This post is part of a blog tour organised by Random Things Blog Tours. I received a free copy of the book in return for an honest review.
“What makes a good man bad? Nature or nurture? This is the extraordinary story of the author’s father, a Holocaust survivor who left a trail of pain and secrets in his wake.
“Vicky Unwin had always known her father – an erstwhile intelligence officer and respected United Nations diplomat – was Czech, but it was not until a stranger turned up on her doorstep that she discovered he was also Jewish.
“So began a quest to discover the truth about his past – one that perhaps would help answer the niggling doubts she had always had about her ‘perfect’ dad. Finally persuading him to allow her to open a closely-guarded cache of family books and papers, Vicky discovered the identity of her grandfather: the tormented author and diplomat Hermann Ungar, hugely controversial both in life and in death, who was a protégé and possible lover of Thomas Mann, and a friend of Berthold Brecht and Stefan Zweig. How much of her father’s child was Vicky – and how much of his father’s child was he?
“As Vicky worked to uncover deeply-buried family secrets, she would find herself slowly unpicking the lingering power of ‘survivor guilt’ on the generations that followed the Holocaust, and would learn, via a deathbed confession, of the existence of a previously unknown sister.
“Together, the sisters attempt to come to terms with what had made their father into the deeply flawed, complex, yet charismatic man he had always been, journeying together through grief and heartache towards forgiveness.”
In The Boy from Boskovice, Vicky Unwin tells us the story of her late father, Tom, starting in nineteenth-century Moravia with details about Tom’s own father and grandfather, Hermann and Emil Ungar, and the family and friends who played important roles in their lives, then following Tom from birth to death alongside the people who were part of his life, including herself.
From a purely historical point of view, this book is fascinating: you get to find out what life was like for Emil and Hermann as Jews in the Austro-Hungarian empire in the late-nineteenth and early-twentieth centuries; watch Tom and his mother and brothers escape to Britain from the Nazis in the nick of time, then assimilate as much as possible in order to avoid negative attention; read about the work Tom did during and after the Second World War (building on what I learned about Germany in the aftermath of WWII in Celia Rees’ Miss Graham’s Cold War Cookbook); and discover how Tom, his wife Sheila, and later Unwin herself lived as his colonial and diplomatic work took them to different countries. I found it all so interesting!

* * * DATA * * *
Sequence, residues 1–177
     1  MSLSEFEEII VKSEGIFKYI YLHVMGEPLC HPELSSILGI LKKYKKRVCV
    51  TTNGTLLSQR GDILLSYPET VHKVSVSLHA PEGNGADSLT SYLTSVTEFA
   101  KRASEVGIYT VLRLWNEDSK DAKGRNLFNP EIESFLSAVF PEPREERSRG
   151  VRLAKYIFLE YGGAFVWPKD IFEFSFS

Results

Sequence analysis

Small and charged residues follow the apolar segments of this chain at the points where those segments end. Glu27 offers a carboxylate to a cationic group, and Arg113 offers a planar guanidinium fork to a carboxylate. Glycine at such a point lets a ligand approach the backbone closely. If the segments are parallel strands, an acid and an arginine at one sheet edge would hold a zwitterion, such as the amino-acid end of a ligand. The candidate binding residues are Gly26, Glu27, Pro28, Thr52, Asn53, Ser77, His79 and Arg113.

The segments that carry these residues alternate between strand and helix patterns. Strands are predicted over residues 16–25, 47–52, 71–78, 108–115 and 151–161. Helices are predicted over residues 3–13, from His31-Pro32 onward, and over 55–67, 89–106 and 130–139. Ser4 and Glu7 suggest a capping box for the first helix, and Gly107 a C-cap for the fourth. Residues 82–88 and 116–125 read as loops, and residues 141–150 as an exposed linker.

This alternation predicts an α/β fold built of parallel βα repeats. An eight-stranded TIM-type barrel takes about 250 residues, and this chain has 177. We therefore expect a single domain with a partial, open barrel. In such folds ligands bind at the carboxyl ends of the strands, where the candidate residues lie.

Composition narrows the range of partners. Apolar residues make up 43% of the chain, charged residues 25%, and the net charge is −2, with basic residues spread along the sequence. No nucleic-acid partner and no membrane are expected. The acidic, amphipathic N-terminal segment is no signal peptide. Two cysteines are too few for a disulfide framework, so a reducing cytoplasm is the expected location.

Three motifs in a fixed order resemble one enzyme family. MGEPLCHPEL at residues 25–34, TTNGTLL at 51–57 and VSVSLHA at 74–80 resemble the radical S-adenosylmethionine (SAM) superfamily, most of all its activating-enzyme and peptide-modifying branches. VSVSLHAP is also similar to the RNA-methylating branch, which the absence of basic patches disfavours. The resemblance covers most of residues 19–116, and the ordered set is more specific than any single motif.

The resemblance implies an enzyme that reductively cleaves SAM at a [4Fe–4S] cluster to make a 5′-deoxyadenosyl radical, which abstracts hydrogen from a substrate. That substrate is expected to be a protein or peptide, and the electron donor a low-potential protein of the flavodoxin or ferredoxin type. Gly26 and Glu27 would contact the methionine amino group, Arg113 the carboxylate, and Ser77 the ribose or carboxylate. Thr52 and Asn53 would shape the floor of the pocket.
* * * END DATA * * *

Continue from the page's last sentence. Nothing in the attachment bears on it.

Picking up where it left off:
But throughout the book, you’re also aware that Tom wasn’t the idealistic, convivial character he presented himself to be at work. Unwin details his continual mistreatment of herself, her mother, and other people throughout his life by writing about personal events (such as Tom denying his Jewishness, keeping the family in the dark about a half-sister born before his marriage to Sheila, and being violent towards Sheila) and including excerpts from letters (an incredibly rich resource - Tom and Sheila were prolific letter-writers who kept the bulk of their missives) where Tom not only laid bare his narcissistic and cruel nature, but admitted to and revelled in it.
It’s a credit to Unwin that she is able to write about Tom and the damage he inflicted upon her and others in such a measured, matter-of-fact way. While it’s clear how much he hurt her right up to the end of his life, she has achieved enough distance from the man and events she describes to consider why he shut the door on his Jewish and Czech identities so firmly and fashioned himself to be ‘more British than the British’, and why he was so hurtful and unsympathetic towards his loved ones. Was it nature (Tom’s own mother and father shared some of his unpalatable traits), nurture (the trauma of escaping the Nazis while leaving so many behind), or a mixture of both?
My main takeaway from The Boy from Boskovice is that no biography is about one person: we are all shaped by others (alongside our cultural and historical context), and our words and actions affect others in turn. With unflinching honesty and a self-awareness sorely lacked by her father, Unwin turns to herself and her own children, asking to what extent she has inherited Tom’s characteristics, and how this might have impacted her own parenting.
I was heartbroken to read about the death of Unwin’s daughter, Louise, to a ketamine overdose at the age of 21. As well as being a tragic loss of someone who sounded so kind and full of potential, Tom was so unfeeling about it, and Unwin wonders whether Louise’s genes and family experiences might have laid the groundwork long before the event. It lifted my heart, though, that Unwin was able to find solace in Bonnie, the half-sister she never knew she had.
The Boy from Boskovice is a fascinating, moving and devastating biography that powerfully demonstrates how no man is an island. It shows the impossibility of fully knowing someone, the healing properties of time and rational consideration of why people behave the way they do, and the huge value of letters as historical evidence.